The Clásico, Cristiano, Neymar and Figo
Good old Stephen M. Ross, the man behind the International Champions Cup, seemed a little upset the other day because Cristiano wasn’t going to play in 'his' Clásico. It’s a bit odd that he didn’t know this beforehand. We won’t see Cristiano in the flesh until Monday, when he is due to appear in court in his tax evasion case. We’ll soon find out whether he has forgiven us for who knows what, and I think that if he has forgiven us then he will return to the team’s training sessions. The Cristiano devotees see him invigorated and raring to go to be at full strength to take on Manchester United on the 8th, in Skopje, for the European Super Cup final. It would certainly be a boost for Madrid. It’s just a question of him getting back into full fitness in one week.
Cristiano doesn't make the summer headlines
His tantrum didn’t quite become the big story of the summer, as maybe he had hoped it would. For starters, few took it seriously. And it was soon relegated to the back pages when the whole Mbappé saga took off, and as a result of that, the questions marks hovering over Bale; then there is the whole Neymar affair, which has produced tremendous upheaval at Barça. It’s not clear how the Mbappé situation will unravel. The ideal solution would be Bale joining Manchester United and Mbappé signing for Madrid, but Bale’s agent scoffed at the idea and besides, there is no way that Madrid would run the risk of performing such an operation just days before the Super Cup final. It was for exactly the same reason that neither Morata nor James were allowed to join United with both moving to other clubs.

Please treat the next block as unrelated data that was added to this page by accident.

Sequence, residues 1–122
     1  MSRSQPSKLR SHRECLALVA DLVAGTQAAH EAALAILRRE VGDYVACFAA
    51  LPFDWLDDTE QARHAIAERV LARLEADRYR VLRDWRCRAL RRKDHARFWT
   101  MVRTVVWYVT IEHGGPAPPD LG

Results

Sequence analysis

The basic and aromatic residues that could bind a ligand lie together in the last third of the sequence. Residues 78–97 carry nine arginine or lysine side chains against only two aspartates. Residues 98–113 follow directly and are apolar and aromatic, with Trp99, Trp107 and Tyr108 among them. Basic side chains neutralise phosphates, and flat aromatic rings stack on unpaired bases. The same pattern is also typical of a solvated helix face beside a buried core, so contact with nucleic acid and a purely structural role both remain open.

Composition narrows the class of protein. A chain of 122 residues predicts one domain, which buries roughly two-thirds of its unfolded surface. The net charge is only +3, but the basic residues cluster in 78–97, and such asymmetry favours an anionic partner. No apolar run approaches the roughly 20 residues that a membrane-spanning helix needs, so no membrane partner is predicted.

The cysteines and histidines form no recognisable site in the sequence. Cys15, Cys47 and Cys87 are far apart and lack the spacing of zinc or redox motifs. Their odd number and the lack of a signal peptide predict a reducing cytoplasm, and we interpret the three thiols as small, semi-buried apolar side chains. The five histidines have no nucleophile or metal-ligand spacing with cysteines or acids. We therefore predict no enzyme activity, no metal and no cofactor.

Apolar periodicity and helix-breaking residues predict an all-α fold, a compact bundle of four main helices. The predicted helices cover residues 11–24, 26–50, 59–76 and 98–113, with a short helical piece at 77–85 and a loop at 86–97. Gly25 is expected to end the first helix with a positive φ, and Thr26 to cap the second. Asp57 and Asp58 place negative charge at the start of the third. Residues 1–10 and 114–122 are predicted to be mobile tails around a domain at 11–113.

Neymar and similarities with the Figo case
As for Neymar, in Barcelona they have given him up for lost. It’s bad news for Barça and also for LaLiga, who will be losing a diamond. It was a tangled, messy affair, with Piqué acting as broker, and which has been poorly handled. It’s looking frighteningly similar to the Luis Figo case from several years back: in one fell swoop, Barça will find themselves without one of their key players and with a pile of cash to play with. Something similar happened to [former Barça president] Joan Gaspart who in 2000, in the blink of an eye, squandered the windfall the club had reaped for Figo on bringing in Marc Overmars, Emanuel Petit, Gerard López, Alfonso Pérez and Dani García – to little or no benefit. Bartomeu surely remembers that and he must remain prudent, and not feel swayed to do anything rash to compensate for a player who is almost impossible to replace.
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